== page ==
English countryside declared "racist" and "colonial"
The English countryside is a 'racist, colonial' white space, wildlife charities have said.
The claim was made by Wildlife and Countryside Link, a group with 80 members including WWF, the RSPCA and National Trust.
The group said 'our policy recommendations ensure that all people have the right to a healthy natural environment – all people must have access to nature'.
But it added: 'Racist colonial legacies continue to frame nature in the UK as a ''white space'' and people of colour as ''out of place'' in these spaces and environmental sector.'
It continued: 'Cultural barriers reflect that in the UK, it is white British cultural values that have been embedded into the design and management of green spaces and into society's expectations of how people should engage with them.'
It said the perception that green spaces are dominated by whites can prevent people from ethnic minority backgrounds from using them.
The report suggested that to ensure ethnic minorities have better access to the countryside, it wants the Government to create a 'legally binding target for access to nature' – such as ensuring that everyone has a green space within a 15-minute walk from their home.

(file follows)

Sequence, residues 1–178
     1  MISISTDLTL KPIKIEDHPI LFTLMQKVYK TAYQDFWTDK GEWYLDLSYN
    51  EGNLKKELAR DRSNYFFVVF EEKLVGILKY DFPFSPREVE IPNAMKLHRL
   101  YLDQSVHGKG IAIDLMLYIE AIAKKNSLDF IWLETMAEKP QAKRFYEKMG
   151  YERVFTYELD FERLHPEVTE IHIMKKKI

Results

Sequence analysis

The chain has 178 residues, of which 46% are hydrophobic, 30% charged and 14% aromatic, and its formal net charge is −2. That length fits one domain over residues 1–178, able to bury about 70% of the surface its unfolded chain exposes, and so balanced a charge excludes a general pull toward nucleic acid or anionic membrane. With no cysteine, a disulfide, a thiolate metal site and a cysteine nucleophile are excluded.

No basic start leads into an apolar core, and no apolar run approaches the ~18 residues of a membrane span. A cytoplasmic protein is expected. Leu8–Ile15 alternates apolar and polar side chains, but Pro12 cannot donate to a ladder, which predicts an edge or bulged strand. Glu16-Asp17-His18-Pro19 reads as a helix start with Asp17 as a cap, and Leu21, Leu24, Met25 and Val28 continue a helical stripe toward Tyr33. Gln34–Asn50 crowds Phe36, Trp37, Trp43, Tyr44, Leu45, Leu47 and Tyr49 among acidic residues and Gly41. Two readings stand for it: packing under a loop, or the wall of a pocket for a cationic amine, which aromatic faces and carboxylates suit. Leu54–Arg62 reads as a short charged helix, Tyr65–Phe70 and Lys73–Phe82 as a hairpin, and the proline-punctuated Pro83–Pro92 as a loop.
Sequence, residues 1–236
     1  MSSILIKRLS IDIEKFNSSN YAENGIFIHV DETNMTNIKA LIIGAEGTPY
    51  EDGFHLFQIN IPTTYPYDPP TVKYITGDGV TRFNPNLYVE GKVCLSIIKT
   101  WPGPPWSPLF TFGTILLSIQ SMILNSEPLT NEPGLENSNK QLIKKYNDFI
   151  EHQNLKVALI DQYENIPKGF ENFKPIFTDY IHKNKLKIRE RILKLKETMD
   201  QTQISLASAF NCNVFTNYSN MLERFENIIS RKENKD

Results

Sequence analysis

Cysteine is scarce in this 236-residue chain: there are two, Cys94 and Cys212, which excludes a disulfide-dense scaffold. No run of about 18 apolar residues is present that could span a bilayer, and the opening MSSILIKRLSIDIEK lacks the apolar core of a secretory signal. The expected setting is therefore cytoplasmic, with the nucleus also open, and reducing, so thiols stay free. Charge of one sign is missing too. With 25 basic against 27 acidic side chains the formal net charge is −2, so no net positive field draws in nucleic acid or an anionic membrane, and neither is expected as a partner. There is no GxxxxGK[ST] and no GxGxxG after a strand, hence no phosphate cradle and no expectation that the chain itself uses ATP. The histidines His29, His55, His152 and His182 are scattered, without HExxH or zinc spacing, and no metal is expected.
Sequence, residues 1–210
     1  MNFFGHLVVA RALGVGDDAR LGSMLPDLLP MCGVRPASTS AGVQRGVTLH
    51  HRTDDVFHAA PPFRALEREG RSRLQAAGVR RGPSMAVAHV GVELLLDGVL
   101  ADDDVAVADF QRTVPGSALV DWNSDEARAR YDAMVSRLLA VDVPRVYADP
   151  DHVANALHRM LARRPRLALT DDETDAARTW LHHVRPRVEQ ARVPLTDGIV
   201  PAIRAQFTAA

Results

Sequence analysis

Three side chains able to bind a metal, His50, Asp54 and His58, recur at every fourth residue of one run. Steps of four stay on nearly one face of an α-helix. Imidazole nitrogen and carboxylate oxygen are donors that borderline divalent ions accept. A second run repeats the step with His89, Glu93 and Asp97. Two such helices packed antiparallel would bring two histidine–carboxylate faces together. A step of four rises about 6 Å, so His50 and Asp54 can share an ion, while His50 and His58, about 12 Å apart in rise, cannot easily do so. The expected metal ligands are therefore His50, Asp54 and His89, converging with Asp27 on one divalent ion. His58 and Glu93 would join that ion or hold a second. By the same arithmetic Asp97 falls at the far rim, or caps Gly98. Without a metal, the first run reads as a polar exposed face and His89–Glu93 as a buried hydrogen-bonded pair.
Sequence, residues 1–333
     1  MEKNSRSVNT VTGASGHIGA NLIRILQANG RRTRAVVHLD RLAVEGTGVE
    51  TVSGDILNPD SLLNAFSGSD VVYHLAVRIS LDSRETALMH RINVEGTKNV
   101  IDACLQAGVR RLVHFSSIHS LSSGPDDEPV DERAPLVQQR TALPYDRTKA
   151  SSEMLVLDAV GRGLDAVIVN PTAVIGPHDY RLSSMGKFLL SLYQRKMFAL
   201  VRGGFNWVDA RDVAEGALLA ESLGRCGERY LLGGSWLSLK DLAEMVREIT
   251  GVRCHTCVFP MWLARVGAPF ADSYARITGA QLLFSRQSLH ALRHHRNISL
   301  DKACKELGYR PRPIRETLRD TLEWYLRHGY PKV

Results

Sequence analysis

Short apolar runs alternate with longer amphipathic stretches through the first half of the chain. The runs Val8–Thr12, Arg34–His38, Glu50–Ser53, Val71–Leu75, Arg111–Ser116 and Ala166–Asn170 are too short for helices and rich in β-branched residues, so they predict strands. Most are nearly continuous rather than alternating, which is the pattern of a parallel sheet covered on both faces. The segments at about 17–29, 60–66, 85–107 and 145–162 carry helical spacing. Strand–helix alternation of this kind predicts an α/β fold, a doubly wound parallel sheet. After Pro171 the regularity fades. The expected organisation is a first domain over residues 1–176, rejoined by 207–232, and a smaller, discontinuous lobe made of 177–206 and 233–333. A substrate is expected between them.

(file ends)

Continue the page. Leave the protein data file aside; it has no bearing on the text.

Last year the then Environment Secretary Therese Coffey promised that the 15-minute walk to the countryside would be government policy. But that has since been dropped.
The report also claimed: 'The UK's role in the European colonial project has also driven the current climate and nature crises.'
Charities directly supporting the report include the League Against Cruel Sports and The Countryside Charity, formerly called the Council for Preservation of Rural England.
Froglife and the Bat Conservation Trust also support the report, submitted to the All-Party Parliamentary Group for Race and Community, chaired by Labour MP Clive Lewis.
It is not the first time the British countryside has been accused of being hostile to ethnic minorities.
The 'Hate Studies Unit' at the University of Leicester has launched an investigation into 'rural racism'.
The group Muslim Hikers has said rural areas were perceived as unwelcoming and off-limits to minority communities, while the University of Reading claims that the countryside is out of reach for non-whites as there is a 'threat of hostility' to them.